Notice: Seventh Circuit Rule 53(b)(2) States Unpublished Orders Shall Not Be Cited or Used As Precedent Except to Support a Claim of Res Judicata, Collateral Estoppel or Law of the Case in Any Federal Court Within the Circuit.george N. Grabavoy, Petitioner-appellant, v. Commissioner of Internal Revenue, Respondent-appellee, 980 F.2d 733 (7th Cir. 1992)Annotate this Case
Before BAUER, Chief Circuit Judge, CUMMINGS, Circuit Judge, and FAIRCHILD, Senior Circuit Judge.
Taxpayer George Grabavoy appeals from a decision of the Tax Court. Although the decision dismissed Dr. Grabavoy's case for failure to prosecute, it granted him partial relief on some issues in line with offers made by the Commissioner. It also awarded the United States a penalty for delay, 26 U.S.C. § 6673, in the amount of $10,000.
On September 8, 1986, the Commissioner issued a deficiency notice concerning tax year 1982. The Commissioner had determined a deficiency of $172,501.50, an addition of $17,250 for substantial understatement of tax (26 U.S.C. § 6661), and an addition of $8,625 and 50% of the interest on the deficiency, both for negligence (§ 6653(a) (1) and (2) (1982)). In the main, the Commissioner had disallowed a claimed loss of $249,518 from tax shelter transactions with Hillcrest Securities, and claimed dental practice expenses of $177,749. The notice also provided for a rate of interest under § 6621(d). The disallowance of the Hillcrest loss became known as the "Hillcrest issue," which was common to over 1,000 taxpayers, including Dr. Grabavoy.
The Tax Court decision, August 7, 1991, determined a tax deficiency of $107,002.20 (reflecting the Commissioner's offer to allow $131,000 dental practice expenses), an addition of $10,700 under § 6661, an addition of $5,350 and 50% of the interest on the deficiency under § 6653(a) (1) and (2) (1982). It also decided, that the rate of interest under former § 6621(d) is applicable, and in line with the Commissioner's settlement policy on the Hillcrest issue, that any subsequent Hillcrest gain "will be netted against the Hillcrest loss."
On this appeal, Dr. Grabavoy contends that he accepted the Commissioner's offer of settlement of the Hillcrest issue, made generally to the very large number of taxpayers contesting disallowance of claimed Hillcrest losses. That offer included concession by the government of additions to tax under §§ 6653(a) (2) and 6661. Dr. Grabavoy argues that he was entitled to that concession because he had indicated acceptance of the Hillcrest settlement and therefore the Tax Court should not have decided he owes those additions, at least to the extent they are computed on the claimed Hillcrest losses.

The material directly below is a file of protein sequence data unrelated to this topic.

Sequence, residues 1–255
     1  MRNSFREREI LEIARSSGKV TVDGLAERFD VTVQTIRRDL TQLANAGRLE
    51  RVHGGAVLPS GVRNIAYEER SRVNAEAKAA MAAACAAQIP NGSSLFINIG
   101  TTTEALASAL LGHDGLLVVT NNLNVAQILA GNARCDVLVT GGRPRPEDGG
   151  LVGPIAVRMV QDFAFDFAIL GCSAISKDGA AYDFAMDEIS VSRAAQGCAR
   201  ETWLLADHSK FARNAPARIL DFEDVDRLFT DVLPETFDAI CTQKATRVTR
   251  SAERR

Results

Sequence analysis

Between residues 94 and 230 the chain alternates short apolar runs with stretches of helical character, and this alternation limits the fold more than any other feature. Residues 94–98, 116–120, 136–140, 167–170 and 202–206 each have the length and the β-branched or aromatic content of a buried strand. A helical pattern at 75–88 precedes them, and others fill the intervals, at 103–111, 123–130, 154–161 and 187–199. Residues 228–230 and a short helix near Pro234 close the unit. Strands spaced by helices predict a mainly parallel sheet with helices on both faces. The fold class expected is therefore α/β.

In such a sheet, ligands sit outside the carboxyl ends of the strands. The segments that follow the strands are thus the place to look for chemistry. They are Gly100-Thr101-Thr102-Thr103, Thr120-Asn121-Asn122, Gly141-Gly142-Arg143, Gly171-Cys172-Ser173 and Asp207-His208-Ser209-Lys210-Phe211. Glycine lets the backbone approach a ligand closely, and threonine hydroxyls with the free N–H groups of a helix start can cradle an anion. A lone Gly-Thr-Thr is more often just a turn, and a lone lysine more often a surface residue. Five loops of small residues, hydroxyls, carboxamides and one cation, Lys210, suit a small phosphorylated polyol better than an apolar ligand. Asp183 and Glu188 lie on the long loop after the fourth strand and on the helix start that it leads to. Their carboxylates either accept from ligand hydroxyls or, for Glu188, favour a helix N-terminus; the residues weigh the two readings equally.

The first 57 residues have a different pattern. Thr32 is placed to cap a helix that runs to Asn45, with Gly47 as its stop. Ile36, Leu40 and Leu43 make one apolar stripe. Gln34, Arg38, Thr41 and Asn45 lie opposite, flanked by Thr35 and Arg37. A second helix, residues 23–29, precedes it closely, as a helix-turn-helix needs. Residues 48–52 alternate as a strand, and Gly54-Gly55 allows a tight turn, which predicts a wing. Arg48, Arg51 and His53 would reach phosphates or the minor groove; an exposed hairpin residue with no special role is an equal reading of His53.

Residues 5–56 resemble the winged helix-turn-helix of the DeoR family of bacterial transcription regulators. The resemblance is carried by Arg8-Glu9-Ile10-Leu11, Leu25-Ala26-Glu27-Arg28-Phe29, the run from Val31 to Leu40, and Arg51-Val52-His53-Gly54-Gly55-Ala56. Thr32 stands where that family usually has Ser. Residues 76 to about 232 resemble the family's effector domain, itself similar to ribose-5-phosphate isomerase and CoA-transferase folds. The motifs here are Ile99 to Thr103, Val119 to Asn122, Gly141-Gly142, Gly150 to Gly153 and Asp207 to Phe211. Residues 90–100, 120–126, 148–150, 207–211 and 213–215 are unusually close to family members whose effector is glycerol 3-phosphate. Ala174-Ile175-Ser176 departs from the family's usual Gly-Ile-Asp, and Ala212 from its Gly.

He also argues that there is no support for the Tax Court finding that his "charted course of conduct has been to delay these proceedings with the ultimate result of delaying payment." He challenges the $10,000 penalty under 26 U.S.C. § 6673, which rests upon that finding.
Dr. Grabavoy seems to contend that he and the Commissioner had reached an agreement to settle the Hillcrest issues regardless of whether the other issues were ultimately settled or tried. The Tax Court evidently thought otherwise, and the record does not support Dr. Grabavoy's contention as a matter of law.
THE ALLEGED SETTLEMENT
There is a letter dated August 1, 1988 containing the offer made generally to some 1,000 petitioners with a Hillcrest issue. One term of the offer was, "A Form 906, which embodies the terms of the Hillcrest settlement offer, will be required to be executed by the parties with respect to the settlement." Dr. Grabavoy put in the record a copy of a letter dated August 20, 1988, saying that he would accept the Hillcrest settlement provisions and presumed that non-Hillcrest issues will be settled separately. The letter was addressed to an IRS official different from the one who signed the August 1 letter. No agreement was executed. The August 1 letter was sent to some 1,000 taxpayers, each of whom may have been raising his own non-Hillcrest issues. The August 1 general letter did not, understandably, offer a resolution of non-Hillcrest issues, but it is reasonable to suppose that the government would not have executed a formal agreement with any taxpayer as to the Hillcrest issue without satisfactory assurance of cooperation, at least, in disposition of that taxpayer's non-Hillcrest issues.